Parting Shot: ‘Django Unchained’ Cover by the Great and Elusive Mark Chiarello [Art]
In what is officially my first fanboy thrill of 2013, the Vertigo blog released today a variant cover for Django Unchained #2 by Mark Chiarello. Part of the publisher’s comic book adaptation of Quentin Tarantino’s new film, this illustration is to the best of my knowledge the first new piece we’ve seen from the incredibly gifted Chiarello in several years.Recently promoted by DC Entertainment to Vice President – Art Direction and Design, Chiarello has been a longtime hero to serious comic book art fans for editing such aesthetically impeccable comics including DC: The New Frontier, Batman: Black & White and Wednesday Comics. Arguably Chiarello’s magnum opus as an editor, the groundbreaking Solo series was the subject of a 12-part ComicsAlliance feature by Matt Seneca and Sean Witzke. Most recently, Chiarello has been the guiding force behind the most acclaimed of the controversial Before Watchmen series and variant cover artist selections, which, if nothing else, are very pretty.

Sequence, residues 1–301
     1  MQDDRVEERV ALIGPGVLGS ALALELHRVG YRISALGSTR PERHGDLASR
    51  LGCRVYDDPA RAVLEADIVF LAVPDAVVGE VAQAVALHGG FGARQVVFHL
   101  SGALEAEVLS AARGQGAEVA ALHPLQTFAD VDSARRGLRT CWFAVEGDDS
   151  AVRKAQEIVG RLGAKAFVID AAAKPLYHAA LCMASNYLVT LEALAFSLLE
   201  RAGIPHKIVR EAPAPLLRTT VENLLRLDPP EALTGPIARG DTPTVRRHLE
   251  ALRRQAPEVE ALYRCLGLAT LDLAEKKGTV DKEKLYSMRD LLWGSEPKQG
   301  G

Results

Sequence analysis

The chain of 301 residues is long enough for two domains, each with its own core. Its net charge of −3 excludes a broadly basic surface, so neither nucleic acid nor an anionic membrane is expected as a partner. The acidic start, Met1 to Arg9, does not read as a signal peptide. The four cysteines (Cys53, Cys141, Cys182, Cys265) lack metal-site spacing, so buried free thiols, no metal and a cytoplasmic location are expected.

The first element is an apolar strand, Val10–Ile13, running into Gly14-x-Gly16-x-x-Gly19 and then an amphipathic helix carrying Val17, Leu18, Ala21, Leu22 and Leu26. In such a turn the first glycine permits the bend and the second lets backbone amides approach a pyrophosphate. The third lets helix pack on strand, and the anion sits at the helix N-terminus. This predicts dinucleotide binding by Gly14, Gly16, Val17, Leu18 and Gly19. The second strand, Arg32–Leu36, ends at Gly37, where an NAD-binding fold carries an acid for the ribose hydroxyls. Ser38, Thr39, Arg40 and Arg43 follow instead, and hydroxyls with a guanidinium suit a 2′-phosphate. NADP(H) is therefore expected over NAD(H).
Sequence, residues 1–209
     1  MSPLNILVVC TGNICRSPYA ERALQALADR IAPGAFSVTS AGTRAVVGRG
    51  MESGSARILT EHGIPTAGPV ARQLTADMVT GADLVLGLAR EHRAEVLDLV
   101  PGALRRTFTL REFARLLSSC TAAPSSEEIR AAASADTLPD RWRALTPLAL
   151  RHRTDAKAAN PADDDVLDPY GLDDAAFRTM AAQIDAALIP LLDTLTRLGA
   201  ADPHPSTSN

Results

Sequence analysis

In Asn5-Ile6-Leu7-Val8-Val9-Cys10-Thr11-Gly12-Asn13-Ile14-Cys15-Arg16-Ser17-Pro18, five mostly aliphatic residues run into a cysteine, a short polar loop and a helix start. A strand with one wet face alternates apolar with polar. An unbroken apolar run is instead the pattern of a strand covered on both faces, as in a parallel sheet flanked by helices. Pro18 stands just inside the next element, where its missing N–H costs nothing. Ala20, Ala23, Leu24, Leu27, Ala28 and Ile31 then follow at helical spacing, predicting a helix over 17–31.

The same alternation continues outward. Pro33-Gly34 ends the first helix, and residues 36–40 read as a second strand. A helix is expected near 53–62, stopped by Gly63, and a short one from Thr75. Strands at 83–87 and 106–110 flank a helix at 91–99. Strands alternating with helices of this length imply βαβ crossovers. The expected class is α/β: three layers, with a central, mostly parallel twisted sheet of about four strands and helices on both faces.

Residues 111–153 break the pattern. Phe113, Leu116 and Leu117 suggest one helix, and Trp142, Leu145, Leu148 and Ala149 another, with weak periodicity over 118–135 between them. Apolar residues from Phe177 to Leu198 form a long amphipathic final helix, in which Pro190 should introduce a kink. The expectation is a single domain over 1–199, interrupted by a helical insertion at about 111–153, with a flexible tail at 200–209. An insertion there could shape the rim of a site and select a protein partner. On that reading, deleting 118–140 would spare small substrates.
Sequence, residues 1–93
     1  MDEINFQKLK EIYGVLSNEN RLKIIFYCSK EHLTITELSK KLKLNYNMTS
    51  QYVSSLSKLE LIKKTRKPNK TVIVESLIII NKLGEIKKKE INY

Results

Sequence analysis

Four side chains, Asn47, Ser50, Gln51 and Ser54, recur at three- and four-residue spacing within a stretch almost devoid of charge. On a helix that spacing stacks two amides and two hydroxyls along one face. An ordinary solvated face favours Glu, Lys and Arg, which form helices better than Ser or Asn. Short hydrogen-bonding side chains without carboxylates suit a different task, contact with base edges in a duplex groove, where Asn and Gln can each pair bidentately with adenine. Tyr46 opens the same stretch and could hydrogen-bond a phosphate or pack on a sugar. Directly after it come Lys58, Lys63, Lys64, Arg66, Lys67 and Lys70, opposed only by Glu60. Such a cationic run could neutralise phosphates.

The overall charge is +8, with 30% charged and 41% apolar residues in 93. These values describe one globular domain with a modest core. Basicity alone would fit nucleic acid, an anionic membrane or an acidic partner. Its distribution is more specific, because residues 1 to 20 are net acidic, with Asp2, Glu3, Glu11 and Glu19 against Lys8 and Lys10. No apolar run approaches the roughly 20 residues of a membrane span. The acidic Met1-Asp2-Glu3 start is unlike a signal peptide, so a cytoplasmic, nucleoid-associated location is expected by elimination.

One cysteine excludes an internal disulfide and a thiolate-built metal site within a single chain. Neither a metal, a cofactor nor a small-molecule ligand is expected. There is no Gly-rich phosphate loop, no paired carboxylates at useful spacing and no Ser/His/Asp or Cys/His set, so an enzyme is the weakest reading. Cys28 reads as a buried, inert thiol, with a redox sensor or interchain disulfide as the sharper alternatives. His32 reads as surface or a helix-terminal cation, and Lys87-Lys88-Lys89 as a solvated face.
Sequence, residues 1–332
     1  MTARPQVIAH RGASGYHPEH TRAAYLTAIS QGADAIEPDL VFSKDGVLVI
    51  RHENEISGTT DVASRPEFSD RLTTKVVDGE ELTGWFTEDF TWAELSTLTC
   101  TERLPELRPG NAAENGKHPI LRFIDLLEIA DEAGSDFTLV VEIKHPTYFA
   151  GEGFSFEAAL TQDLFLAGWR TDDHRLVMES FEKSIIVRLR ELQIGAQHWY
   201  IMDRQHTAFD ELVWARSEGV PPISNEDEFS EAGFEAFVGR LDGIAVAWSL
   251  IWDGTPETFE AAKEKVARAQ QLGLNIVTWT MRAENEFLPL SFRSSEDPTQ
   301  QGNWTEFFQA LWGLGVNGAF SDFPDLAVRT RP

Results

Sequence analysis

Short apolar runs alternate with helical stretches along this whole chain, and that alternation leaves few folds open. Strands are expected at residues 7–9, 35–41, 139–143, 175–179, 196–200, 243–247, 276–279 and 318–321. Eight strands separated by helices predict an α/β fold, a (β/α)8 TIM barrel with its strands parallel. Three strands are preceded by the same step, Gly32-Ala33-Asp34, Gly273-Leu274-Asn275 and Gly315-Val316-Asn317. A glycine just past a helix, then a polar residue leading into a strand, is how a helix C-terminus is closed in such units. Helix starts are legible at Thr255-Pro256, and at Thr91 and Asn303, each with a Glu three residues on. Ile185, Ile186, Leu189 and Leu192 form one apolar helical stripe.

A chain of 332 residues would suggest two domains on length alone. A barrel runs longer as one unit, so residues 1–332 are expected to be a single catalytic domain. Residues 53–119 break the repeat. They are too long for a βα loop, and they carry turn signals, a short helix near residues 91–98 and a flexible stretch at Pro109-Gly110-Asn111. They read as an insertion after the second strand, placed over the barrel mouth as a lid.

A fantastic painter, designer, colorist and comic book artist in his own right, Chiarello’s Terminal City and Terminal City: Aerial Graffiti covers are in my view among the best comic book covers of the 1990s. Sadly Chiarello has not released any new comic book work that I’m aware of since an Overstreet Comic Book Price Guide cover in 2010. In terms of sequential art, Chiarello’s last work I can find is a Two-Face backup story for an issue of Countdown in 2007 and a Samurai Jack short story in 2006’s Cartoon Network Action Pack #1. However, the artist has been at work on projects outside of comics, such as illustrations for Star Wars: The New Essential Chronology, and his amazing portraits of the earliest African American baseball players have been compiled in Heroes of the Negro Leagues.
Chiarello’s Django Unchained cover invokes the style of classic Saul Bass movie posters but with a few extra layers of grimness and grit to convey very accurately the bloody but curiously kitschy tone of the Tarantino revenge film about a freed slave turned bounty hunter. Adapted for comics by RM Guerra and Jason Latour, this issue is on sale now in finer comics shops.